Caring For Our Earth & Ourselves
Connecting the Environment and Health
Our 2022-23 theme was Caring for Our Earth and Ourselves, with an emphasis on climate change. In our Spring 2023 Magazine, our reporters considered the environmental and health benefits of such activities as walking instead of riding in a vehicle, drinking water from reusable bottles, and disposing of electronics appropriately. They also explored their own feelings about the impact of climate change on the planet and neighborhoods, and discovered solutions that people are testing and implementing.
Letter to the Editor: After reading the article Taking action to stop climate change, do a little extra research with the help of your teacher or classmates. Identify a situation that contributes to climate change and come up with a plan to address it. Rachel Valletta says we should tell people about the problem, so share your plan by writing a letter to your principal or the local newspaper.
Create a PSA: Riding a bicycle is a healthy activity and helps the environment. Create a PSA—a public service announcement poster—to encourage kids to ride a bicycle. Make sure you include an illustration to support your message.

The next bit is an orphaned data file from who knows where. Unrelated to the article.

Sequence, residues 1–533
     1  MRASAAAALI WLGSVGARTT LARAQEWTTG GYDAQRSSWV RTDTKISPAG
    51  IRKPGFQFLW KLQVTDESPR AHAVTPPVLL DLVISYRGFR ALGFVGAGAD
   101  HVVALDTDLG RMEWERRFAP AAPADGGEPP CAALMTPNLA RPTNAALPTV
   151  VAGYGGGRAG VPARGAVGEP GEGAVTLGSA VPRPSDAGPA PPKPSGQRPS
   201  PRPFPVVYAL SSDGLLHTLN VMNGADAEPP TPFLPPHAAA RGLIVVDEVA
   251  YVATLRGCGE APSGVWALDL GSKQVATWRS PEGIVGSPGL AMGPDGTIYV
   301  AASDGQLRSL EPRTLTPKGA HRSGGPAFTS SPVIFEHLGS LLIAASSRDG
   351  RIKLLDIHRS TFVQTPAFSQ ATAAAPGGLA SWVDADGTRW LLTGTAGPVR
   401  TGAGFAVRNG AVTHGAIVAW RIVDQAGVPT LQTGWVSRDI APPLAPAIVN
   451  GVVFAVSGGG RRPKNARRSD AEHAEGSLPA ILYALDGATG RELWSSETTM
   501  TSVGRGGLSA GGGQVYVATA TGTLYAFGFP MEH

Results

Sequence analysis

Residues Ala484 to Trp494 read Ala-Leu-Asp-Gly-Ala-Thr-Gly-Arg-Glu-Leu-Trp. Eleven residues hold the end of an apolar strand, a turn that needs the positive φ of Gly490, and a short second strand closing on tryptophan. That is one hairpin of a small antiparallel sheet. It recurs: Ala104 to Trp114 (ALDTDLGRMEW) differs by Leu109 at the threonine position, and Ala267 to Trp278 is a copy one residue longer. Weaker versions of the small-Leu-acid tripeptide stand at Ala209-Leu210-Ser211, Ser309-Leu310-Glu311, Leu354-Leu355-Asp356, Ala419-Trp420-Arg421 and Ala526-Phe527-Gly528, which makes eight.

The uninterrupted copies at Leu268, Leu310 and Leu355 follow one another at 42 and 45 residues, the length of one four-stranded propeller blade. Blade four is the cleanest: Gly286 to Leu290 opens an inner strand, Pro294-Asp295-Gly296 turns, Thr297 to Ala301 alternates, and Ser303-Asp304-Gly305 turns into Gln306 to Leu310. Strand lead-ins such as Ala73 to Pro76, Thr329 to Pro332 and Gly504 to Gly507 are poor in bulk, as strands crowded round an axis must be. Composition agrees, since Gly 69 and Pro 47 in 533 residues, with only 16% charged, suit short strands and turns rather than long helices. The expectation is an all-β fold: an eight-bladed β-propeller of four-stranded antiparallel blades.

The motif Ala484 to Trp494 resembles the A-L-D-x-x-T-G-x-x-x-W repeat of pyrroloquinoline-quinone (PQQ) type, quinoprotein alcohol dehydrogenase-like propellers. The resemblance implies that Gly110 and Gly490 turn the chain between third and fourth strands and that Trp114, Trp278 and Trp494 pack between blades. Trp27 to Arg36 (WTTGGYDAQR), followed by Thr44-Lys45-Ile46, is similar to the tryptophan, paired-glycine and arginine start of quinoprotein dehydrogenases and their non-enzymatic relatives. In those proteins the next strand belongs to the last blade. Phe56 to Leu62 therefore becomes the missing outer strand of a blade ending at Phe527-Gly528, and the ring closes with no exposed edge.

Write a biography: As a child, Anna Du created a robot to help remove plastic from the ocean. With the help of a your teacher or classmates, do some research to find other kids who are working to help reverse climate change. Write a brief biography of one of them, describing who they are and what they are doing.
Consider conservation: Michael Stern encourages kids to be conservationists, no matter what their future jobs will be. Brainstorm potential careers and list how each career could practice conservation. You could create a table or even a comic strip about this—be creative!
Locally Grown Food
Create a chart: Megan Carrier shared her thoughts on the importance of locally grown food. Create a T-chart that provides information about how locally grown food keeps us healthy (on one side of the T) and how it keeps the earth healthy (the other side.)
Start a school garden: Would you like to have a garden at your school? Write a letter to your teacher or principal explaining why you think a garden would benefit students and what type of garden you think the school should have—one that requires soil or an aeroponic, hydroponic, or aquaponic garden.